To engage in group violence, a group must trust each other. Oxytocin engenders that trust.

A drink from a stranger


(Wheeler Cowperthwaite [CC / Flickr])

While enhancing the bonding between soldiers is one possible way of weaponising oxytocin, it was the discrepancy between trust and trustworthiness that caught my attention while I was thinking about Spookmoth. Oxytocin sprays are already available commercially, and are being tested as treatments for depression and to improve the social skills of people on the autistic spectrum. If it’s being tested for anything more egregious, it’s happening in secret.

Suppose a businessman sprayed the air in his office with oxytocin, then invited a potential client into it before closing a deal. The client would be that bit more likely to agree to the tradesman’s terms. The tradesman would also find himself trusting the customer more, but that wouldn’t matter if the negotiation was structured in a way the put the burden of trust on the client. The tradesman would also have the advantage of being prepared for that effect and could decide in advance what sort of arrangement he was willing to enter into.

An even more insidious use that has been suggested is on a reluctant sexual partner, who may be induced to trust his or her seducer more quickly.

In Spookmoth (here we go with those SPOILERS), the oxytocin appears as a combination of both. An industrial spy, Carl, is unknowingly co-opted by his competition in the person of Gayle. Gayle knows Carl is at the critical part of his mission and likely to be suspicious, so she combines an apparently chance encounter with a dose of oxytocin. If Carl trusts her, he won’t wonder whether it was such a chance encounter after all.

The effect of oxytocin only goes so far. Carl would not have gone over to Gayle’s side if she’d just asked him, however much oxytocin she’d plied him with. She has to use an oblique approach, and use the oxytocin to suppress his suspicions. He’s more pliable than he might otherwise be, but not so much that he notices. Gayle has to keep him misdirected and distracted, using her social skills and the two assets she knows will keep him distracted from the moment they meet.

Or maybe I just wanted to write about breasts.

A weapon in concept only


(Andrew Magill [CC / Flickr])

Before we all start worrying about oxytocin being sprayed into the air or dropped into our drinks, it’s worth remembering that someone had put in a lot of time and effort to get oxytocin out of a nasal spray and into a form that Gayle could use. Carl may not have been James Bond, but he’d get suspicious if Gayle asked him to sit still while she did that. She could have done what the hypothetical businessman above did and bring him into a room she’d already sprayed with it, but it would be a pretty thin vapour and he might not inhale enough to have an effect.

The difference between a spy and a science fiction writer is that the latter doesn’t have to solve every technical problem to make a device work, so I let her put it in his beer. In fact, the digestive tract is more likely to digest a hormone than transfer it to the bloodstream. Gayle’s employers would also have had to develop some sort of slow release mechanism because oxytocin does not stay in the bloodstream for long. Once someone has taken a nasal spray, their oxytocin levels return to normal in around 90 minutes. Gayle needed Carl’s enhanced trust to last for several hours after she dosed him, otherwise he would start asking himself why she was taking an interest in him.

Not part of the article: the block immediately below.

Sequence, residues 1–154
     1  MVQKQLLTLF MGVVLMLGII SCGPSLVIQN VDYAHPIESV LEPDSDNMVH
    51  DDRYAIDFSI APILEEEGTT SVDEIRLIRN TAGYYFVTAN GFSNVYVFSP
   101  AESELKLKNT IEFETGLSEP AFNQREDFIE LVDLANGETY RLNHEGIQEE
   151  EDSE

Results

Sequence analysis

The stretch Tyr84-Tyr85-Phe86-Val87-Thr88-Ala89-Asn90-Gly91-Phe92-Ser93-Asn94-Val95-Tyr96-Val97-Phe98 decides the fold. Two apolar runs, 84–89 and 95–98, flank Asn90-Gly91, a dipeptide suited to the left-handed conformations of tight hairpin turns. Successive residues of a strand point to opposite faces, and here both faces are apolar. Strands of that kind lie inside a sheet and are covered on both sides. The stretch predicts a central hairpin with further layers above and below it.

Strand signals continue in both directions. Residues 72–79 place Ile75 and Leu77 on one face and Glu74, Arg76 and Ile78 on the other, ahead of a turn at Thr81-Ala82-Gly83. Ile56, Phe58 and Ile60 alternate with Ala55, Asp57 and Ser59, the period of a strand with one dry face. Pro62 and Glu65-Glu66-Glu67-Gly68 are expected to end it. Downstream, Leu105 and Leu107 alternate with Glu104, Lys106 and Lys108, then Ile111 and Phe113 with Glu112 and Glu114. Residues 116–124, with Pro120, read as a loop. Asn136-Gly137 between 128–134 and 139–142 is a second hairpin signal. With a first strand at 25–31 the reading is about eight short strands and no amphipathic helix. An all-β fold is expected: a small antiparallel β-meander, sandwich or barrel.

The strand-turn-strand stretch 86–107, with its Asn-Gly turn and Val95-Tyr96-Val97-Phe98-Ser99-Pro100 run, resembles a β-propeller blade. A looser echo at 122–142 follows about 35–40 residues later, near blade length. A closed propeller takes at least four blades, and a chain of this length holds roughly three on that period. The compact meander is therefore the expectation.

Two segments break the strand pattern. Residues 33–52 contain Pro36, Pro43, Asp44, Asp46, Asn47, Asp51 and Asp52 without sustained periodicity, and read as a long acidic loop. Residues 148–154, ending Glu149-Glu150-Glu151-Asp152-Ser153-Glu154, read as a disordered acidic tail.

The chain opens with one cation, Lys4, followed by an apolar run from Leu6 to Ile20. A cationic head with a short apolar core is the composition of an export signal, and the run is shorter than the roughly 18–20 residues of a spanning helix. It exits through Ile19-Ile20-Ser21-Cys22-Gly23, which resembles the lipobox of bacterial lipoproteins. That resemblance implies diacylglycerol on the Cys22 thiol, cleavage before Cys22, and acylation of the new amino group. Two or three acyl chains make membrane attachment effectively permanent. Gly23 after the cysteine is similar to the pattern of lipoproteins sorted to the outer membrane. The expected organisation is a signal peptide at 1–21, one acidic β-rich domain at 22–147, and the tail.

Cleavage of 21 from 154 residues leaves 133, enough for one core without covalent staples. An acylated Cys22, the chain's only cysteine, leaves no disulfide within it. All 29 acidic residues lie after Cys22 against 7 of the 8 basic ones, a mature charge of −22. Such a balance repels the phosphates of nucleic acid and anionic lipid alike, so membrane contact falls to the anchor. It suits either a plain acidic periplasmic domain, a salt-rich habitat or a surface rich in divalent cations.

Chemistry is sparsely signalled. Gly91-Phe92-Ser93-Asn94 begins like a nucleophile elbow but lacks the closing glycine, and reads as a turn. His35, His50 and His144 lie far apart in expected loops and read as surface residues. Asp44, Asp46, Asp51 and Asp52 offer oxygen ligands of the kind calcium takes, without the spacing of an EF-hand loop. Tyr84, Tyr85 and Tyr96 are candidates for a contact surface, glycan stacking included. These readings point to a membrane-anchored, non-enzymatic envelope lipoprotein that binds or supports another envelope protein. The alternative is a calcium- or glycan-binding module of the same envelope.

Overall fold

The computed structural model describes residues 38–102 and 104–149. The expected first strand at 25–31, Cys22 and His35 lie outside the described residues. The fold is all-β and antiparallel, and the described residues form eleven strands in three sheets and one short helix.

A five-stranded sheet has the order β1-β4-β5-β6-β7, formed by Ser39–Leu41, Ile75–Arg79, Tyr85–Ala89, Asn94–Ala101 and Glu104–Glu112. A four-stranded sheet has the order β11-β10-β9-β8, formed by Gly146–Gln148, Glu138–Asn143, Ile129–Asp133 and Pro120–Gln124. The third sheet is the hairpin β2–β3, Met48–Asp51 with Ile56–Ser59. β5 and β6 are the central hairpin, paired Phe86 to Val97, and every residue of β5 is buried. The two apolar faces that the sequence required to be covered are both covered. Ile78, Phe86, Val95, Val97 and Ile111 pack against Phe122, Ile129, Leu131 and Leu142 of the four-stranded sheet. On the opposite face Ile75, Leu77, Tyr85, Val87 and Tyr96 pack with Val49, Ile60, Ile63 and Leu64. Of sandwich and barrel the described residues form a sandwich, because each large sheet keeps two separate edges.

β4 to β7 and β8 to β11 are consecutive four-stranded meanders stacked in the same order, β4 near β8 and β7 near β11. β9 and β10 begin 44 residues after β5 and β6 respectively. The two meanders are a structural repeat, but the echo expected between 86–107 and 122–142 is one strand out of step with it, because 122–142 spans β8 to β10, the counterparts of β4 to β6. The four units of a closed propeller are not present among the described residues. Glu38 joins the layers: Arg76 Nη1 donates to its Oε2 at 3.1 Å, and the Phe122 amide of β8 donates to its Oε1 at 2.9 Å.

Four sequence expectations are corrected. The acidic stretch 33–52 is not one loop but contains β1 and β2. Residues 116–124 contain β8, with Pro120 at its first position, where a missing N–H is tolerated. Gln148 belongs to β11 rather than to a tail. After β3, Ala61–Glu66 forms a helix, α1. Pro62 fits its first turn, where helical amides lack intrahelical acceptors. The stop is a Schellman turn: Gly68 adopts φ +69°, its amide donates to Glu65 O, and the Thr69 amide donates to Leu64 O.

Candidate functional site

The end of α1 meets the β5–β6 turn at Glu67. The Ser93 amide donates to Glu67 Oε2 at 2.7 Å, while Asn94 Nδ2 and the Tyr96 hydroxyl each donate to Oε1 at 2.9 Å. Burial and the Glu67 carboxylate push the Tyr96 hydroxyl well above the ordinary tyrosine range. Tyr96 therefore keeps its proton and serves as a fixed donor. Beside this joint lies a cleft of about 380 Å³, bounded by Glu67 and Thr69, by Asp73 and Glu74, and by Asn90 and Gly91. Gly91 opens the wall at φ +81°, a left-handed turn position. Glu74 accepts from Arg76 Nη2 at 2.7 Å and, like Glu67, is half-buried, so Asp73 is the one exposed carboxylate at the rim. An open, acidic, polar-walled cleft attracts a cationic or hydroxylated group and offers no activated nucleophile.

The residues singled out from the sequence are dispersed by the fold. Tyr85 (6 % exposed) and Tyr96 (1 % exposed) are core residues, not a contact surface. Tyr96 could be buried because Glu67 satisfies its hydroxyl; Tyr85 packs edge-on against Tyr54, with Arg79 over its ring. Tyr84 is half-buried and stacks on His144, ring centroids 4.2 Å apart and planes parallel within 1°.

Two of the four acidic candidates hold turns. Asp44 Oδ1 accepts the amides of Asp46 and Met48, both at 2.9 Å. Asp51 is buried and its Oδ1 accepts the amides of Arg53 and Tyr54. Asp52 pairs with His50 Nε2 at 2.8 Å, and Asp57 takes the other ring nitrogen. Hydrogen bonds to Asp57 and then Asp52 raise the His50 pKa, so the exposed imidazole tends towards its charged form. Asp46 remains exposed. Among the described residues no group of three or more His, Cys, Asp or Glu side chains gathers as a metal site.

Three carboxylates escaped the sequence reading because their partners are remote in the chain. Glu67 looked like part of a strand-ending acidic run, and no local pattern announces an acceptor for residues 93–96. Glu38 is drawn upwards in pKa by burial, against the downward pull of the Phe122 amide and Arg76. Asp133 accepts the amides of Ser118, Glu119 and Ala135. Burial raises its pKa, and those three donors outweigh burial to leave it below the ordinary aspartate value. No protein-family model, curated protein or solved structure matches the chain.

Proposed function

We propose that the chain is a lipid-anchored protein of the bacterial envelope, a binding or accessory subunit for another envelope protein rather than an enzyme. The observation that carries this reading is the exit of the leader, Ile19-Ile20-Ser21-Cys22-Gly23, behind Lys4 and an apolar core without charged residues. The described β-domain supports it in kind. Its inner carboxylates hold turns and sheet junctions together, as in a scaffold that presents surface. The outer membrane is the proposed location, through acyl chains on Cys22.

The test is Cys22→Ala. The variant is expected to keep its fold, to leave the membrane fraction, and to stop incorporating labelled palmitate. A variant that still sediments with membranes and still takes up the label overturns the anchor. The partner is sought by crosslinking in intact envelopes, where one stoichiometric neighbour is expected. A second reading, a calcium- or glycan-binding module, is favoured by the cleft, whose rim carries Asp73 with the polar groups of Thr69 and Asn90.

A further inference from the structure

Once Gayle or her team had solved the technical problems, she would have the holy grail of the con artist in her grasp: a shortcut to the trust of her mark.

The cuddle chemical or the conman’s friend?

Gayle’s machinations aside, we’re left with the question of what knowing about the relationship between oxytocin and intragroup trust actually tells us. Most of us are not trying to seduce inept industrial spies. Paul Zak thinks we can use oxytocin to make ourselves happier, though his eight hugs a day are only available to people who have willing hug-partners.


(rogiro [CC / Flickr])

Perhaps the most important message is to keep in mind that the same system that binds us to the people we care about can also make us callous toward people outside our own group. We can’t avoid it. We couldn’t stop producing oxytocin even if we wanted to. But oxytocin is only one factor among the firing neurones and pumping hormones that make up the hardware of the human psyche. The entire system that is the human mind can choose to ignore the influence of one part of it, as long as it recognises that influence. Let’s keep oxytocin in its place: helping us to enjoy those hugs.

Shameless self-promotion

Spookmoth was first published in Wicked Words 1, and is now available as a free standing ebook from Amazon:


Author notes


Spookmoth Kindle edition on Goodreads

Wicked Words 1 on Goodreads

Cover design by Manda Benson

Tagged with: , , , , , , ,
Posted in Inspirations, Wednesday Pontification

Leave a Reply

Fill in your details below or click an icon to log in: Logo

You are commenting using your account. Log Out /  Change )

Google+ photo

You are commenting using your Google+ account. Log Out /  Change )

Twitter picture

You are commenting using your Twitter account. Log Out /  Change )

Facebook photo

You are commenting using your Facebook account. Log Out /  Change )


Connecting to %s

Follow Cockburn's Eclectics on

Enter your email address to follow this blog and receive notifications of new posts by email.

Join 460 other followers

%d bloggers like this: